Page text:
By continuing to use the site you agree to our Privacy & Cookies policy

Using a mythical pair of architects, Simon and Jeremy, to illustrate management theory gives a new course that personal touch How to get ahead in architecture

Have you heard the one about the two college friends who set up in practice together? They were great mates, one was married to the sister of the other, things went swimmingly at first, the practice grew, and then it started to go horribly wrong . . . If this sounds extraordinarily familiar, so did it to the people on the first Business Management Training for Architects course run under the auspices of the riba.

The mythical pair, named Simon and Jeremy, formed the basis of the case studies that the participants grappled with on the six half days of the course. So recognisable were the duo that one architect issued a spoof complaint accusing Caroline Cole and Chris Andrews, the organisers of the course, of bugging his office.

Tackling the problems of Simon and Jeremy both gave a soap opera theme to the course and ensured that it dealt specifically with the problems that the participants faced.

At the last session of the first course, all those present were buzzing with enthusiasm and ideas, and had accepted the concept of management as integral to their practices and not a stick-on extra.

This was particularly impressive because the architects present were from practices with a high commitment to design - exactly the kind one envisages believing that if you look after the design the business will look after itself. In terms of size they were diverse - from the two principals plus assistant of Ash Sakula, through van Heyningen & Haward, David Marks Julia Barfield and orms to Michael Hopkins & Partners. By the end they all showed an appreciation of how integral proper management was to everything they did.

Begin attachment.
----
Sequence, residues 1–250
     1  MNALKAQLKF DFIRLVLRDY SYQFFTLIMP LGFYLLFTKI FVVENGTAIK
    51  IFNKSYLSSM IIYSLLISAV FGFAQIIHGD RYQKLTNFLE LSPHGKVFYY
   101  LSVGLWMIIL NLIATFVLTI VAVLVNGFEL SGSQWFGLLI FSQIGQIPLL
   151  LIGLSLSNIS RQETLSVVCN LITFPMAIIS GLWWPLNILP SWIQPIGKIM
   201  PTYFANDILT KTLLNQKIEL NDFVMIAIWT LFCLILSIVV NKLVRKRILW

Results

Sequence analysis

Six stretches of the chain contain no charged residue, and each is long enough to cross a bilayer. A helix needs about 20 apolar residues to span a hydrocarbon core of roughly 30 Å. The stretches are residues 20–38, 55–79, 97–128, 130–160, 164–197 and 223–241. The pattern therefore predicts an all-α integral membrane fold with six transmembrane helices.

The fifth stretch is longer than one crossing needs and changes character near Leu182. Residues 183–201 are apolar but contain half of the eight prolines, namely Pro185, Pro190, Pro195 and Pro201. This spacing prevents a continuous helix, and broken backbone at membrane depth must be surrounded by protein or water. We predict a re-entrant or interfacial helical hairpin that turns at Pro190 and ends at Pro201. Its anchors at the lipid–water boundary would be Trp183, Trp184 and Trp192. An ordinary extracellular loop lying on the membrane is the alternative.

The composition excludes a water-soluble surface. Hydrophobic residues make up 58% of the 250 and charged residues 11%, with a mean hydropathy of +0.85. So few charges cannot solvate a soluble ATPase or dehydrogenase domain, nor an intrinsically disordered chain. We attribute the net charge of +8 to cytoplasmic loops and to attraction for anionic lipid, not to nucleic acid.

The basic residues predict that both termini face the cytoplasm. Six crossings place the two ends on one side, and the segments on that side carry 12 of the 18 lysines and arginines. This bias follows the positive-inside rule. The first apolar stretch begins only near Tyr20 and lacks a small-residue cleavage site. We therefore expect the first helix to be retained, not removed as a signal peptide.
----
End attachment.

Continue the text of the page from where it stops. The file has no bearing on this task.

Simon and Jeremy certainly helped. How could things go so wrong for two such talented and well-meaning people? Very easily, as the case studies showed. After those easy early days of all going down to the pub on a Friday night, they became absorbed in their own problems and lives, ceasing to join the rest and leaving them to grumble. Then there was the hideous faux pas of promoting one person and ignoring another, only to be surprised that they minded since they 'weren't ambitious'. Throwing responsibility at people in a crisis works well if you get the right person - if not, it may result in the job going seriously wrong, disgruntled clients and untold horrors.

So what is management? A lot of it surely is only common sense? Yes, but in a crisis or just the day-to-day rush of work, common sense can be ignored and insufficient time set aside for running the practice. Caroline Cole, one of the two course tutors, said: 'Try treating the practice as a project. Architects instinctively work on projects.'

Cole is an architect, who has worked in practice, and now runs her own consultancy and manages the riba's Clients Advisory Service. Her partner in the enterprise, Chris Andrews, is a management consultant with wide experience of training and business analysis. Between them they have considerable knowledge and relevant experience.